I understand that I am so incredibly fortunate to have everything that I do: my health, my family, and the financial ability to go to whichever college that I choose to attend. I choose UCF because I love that I will be sharing the college experience with my sister, I love the campus, and I love the idea that I could continue to make a difference in my community through programs like "Volunteer UCF" that would provide me with the opportunity to get involved. What I hope to bring to UCF is a well-rounded person aiming to smooth the bumps in the road that others face.
EF_Simone 2 / 1,986  
Jun 29, 2009   #4
Still, your lead is weak. What, I wonder, makes you want to start with such a dull and uninformative statement? Most college applicants are relatively fortunate. Again, think of what makes you stand out from the crowd. What skills, experiences, characteristics, or talents will contribute to the life of the campus community? What will you do with your degree that will contribute to the wider community?

The problem, as I see it, is that you've got the "hard luck story" model of essay in your mind and, since you don't have a hard luck story, you feel compelled to harp on the degree to which you are fortunate. Set that model aside and write an entirely new, fresh, vivid essay that focuses on what you will bring to and do with your education at UCF. Start, for example, with a story from your volunteer work or a quotation that summarizes your attitude toward life.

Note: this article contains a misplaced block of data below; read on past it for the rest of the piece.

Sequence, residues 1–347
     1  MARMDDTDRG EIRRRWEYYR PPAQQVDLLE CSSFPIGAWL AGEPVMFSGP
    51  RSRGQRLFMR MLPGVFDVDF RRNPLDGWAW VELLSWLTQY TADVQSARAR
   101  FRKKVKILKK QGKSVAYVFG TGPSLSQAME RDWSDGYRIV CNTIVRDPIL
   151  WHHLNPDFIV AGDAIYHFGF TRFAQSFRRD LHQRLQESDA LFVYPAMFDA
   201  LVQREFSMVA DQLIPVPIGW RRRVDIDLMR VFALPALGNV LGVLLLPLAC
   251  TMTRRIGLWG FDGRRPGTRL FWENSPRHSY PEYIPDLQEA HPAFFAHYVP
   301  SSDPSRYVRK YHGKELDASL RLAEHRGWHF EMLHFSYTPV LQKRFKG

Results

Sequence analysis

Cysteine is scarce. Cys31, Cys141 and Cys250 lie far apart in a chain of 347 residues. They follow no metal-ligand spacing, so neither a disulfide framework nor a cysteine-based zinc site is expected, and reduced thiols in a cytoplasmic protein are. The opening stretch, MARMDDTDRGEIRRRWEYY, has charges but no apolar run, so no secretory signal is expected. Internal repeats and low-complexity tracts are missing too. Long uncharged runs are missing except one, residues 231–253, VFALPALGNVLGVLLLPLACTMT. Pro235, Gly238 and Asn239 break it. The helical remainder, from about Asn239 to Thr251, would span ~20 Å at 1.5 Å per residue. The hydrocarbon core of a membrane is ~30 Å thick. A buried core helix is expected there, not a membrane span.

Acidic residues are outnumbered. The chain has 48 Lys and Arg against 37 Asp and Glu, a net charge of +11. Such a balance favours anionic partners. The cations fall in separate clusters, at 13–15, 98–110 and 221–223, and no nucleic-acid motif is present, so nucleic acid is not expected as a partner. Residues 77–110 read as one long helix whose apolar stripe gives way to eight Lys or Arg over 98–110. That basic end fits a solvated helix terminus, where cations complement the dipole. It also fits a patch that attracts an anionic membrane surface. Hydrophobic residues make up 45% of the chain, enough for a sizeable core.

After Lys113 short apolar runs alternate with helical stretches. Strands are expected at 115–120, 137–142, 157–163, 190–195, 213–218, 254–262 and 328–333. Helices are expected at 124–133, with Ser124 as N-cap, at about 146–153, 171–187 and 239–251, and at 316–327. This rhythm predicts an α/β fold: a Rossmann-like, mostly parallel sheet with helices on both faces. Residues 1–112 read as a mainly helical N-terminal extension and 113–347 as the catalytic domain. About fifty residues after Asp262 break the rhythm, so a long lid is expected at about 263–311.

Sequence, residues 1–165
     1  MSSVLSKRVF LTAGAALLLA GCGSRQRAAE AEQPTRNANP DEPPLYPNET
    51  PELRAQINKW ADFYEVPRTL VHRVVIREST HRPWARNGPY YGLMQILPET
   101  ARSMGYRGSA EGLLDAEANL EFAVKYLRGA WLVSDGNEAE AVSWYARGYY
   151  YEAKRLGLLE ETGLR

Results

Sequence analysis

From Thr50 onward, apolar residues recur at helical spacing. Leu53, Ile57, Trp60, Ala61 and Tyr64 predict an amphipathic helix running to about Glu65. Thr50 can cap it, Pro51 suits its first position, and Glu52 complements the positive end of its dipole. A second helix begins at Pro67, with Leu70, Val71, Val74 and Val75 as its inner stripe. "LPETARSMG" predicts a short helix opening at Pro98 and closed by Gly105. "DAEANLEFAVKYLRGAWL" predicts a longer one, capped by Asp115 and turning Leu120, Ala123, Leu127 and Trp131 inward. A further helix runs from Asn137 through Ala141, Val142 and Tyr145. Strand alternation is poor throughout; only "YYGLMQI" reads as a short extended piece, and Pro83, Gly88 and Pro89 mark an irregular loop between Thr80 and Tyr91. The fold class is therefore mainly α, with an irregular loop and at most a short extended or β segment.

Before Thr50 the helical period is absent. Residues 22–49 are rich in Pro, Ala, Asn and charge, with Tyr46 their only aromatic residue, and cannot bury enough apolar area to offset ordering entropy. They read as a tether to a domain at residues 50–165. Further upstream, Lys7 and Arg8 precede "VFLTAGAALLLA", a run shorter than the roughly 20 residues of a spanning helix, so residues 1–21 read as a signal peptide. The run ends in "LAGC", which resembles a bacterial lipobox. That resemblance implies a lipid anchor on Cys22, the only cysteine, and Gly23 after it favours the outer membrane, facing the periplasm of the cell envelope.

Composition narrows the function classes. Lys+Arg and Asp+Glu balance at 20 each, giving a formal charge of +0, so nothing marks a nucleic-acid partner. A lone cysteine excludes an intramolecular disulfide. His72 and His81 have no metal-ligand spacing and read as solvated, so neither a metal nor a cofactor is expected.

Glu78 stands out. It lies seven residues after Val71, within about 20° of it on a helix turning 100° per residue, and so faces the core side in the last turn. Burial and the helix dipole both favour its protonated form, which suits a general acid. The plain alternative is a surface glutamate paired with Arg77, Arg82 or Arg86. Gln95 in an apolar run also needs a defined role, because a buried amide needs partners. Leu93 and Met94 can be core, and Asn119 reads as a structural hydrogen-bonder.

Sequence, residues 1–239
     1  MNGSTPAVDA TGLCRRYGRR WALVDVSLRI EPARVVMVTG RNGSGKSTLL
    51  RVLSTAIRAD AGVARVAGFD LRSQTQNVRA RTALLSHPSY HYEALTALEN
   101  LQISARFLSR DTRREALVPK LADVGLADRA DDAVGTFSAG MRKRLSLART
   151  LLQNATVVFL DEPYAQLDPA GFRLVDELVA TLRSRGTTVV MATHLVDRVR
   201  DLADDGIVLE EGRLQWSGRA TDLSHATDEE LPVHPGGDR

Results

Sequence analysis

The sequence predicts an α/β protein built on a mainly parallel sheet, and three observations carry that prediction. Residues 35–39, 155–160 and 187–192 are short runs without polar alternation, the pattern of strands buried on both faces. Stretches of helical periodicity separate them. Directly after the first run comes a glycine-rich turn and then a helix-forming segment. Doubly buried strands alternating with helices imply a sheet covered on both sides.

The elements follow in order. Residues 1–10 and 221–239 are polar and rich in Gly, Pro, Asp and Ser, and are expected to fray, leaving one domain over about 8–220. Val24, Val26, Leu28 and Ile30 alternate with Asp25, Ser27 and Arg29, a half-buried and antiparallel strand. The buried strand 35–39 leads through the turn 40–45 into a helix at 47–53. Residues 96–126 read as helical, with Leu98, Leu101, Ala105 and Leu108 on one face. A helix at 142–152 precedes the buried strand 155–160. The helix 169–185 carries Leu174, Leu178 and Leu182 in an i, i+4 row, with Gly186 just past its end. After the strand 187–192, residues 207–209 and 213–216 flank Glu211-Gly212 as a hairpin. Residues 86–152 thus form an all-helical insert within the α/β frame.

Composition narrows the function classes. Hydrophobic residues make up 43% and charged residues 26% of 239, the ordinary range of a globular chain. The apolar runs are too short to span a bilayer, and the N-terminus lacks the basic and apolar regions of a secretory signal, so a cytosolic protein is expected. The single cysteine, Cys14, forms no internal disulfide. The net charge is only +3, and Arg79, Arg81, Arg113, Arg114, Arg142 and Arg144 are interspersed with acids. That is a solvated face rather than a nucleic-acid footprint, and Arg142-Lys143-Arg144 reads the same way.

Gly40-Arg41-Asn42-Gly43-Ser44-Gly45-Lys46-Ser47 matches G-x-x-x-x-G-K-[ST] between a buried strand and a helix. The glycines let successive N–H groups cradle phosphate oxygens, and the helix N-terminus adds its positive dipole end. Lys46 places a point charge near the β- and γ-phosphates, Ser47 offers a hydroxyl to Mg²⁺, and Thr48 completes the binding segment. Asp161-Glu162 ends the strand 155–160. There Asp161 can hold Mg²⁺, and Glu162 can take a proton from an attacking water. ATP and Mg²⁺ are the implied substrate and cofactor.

Mayada 6 / 96  
Jun 29, 2009   #5
It the intro is the problem here.. then why don't you say that the challenge your facing is a life with no challenges, and no opportunities to take risks. You can elaborate in that point and start off it..

To be honest, when I look back at my life, I've been most creative only when a challenge came before me in my life. I feel sorry for the ones who have no challenges to force them to think out of the box.

lol, you can quote me. I'm Mayadah Alhashem, a 17 year old.
EF_Sean 6 / 3,491  
Jun 29, 2009   #6
You could just delete the first sentence, and that would help a fair bit. You still wouldn't have the strongest opening sentence in the world, but at least you'd be getting to the meat of the essay sooner.

Also, why do you want to make a difference? What other programs have you volunteered with? Which ones are you interested in joining at UCF? At the moment, I get the impression that the volunteer program was something you joined out of a combination of family pressure from your sister and your grandmother and your need to have a volunteer experience for your university applications. That may not be the case, but your lack of specifics and your repetition of vague, hallmark-y sentiments sort of gives that impression.

So, either replace the generalities with specifics, or try again with a different approach altogether. Do the former if you really did enjoy your work with the program, and the latter otherwise.